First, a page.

Black Oaks, which sits at the top of Solitude Mountain, is a brick-by-brick recreation of a haunted manor house on the English moors. A curse involving werewolves was laid on the original manor house, which had secret passage ways and a dungeon where horrible acts of torture were performed.
Also staying at the mansion are a horribly scarred butler, a washed-up movie actor who is suspected of murdering his wife ten years before, and a gold-digging assistant. Soon after Robin arrives, a torrential rain causes landslides that isolate the mansion. To make matters worse, a detective arrives and informs everyone that an inmate from the hospital for the criminally insane has escaped. Then someone is murdered in a cage elevator that is trapped between the second and third floors of Black Oaks. The killer had to be in the elevator to commit the murder, but only the victim is in the cage.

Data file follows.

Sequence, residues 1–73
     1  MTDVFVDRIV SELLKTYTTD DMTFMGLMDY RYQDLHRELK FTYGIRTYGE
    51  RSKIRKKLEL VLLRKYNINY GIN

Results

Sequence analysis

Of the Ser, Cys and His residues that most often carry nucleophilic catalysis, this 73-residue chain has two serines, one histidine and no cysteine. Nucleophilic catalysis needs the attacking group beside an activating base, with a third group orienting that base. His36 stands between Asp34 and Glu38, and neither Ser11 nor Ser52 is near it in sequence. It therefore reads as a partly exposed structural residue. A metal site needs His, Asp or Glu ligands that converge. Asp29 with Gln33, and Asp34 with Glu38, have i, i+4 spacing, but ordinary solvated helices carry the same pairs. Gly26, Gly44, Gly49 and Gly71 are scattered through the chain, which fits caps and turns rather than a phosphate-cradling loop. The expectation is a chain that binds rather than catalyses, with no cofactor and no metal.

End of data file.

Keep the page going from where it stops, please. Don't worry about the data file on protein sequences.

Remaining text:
The hardest part of writing Murder at Black Oaks was the creation of my impossible crime. I am pretty good at figuring out whodunit when I read a mystery novel, but I don’t have a lot of success figuring out how a victim was killed in a locked room. So, I went on the Internet looking for help.
I found several excellent articles listing writers favorite locked room mysteries. The Great Locked Room Mystery: My Top 10 Impossible Crimes by Tom Mead, which was published in CrimeReads, and The Top 10 Locked Room Mysteries by Adrian McKinty provided excellent lists of challenging mysteries. But the tutorial provided by John Dickson Carr, the undisputed champion of the locked room/impossible crime genre, saved the day.
In 1935, Mr. Carr published The Hollow Man in England. (It was called The Three Coffins when it was published in the United States). In one of the chapters, Dr. Gideon Fell discusses every possible solution to a locked room situation. With the lecture as a guide, I was able to create my impossible crime situation.
I have had a ball writing my homage to the writers who inspired me. I hope Readers have as much fun reading it as I had writing it.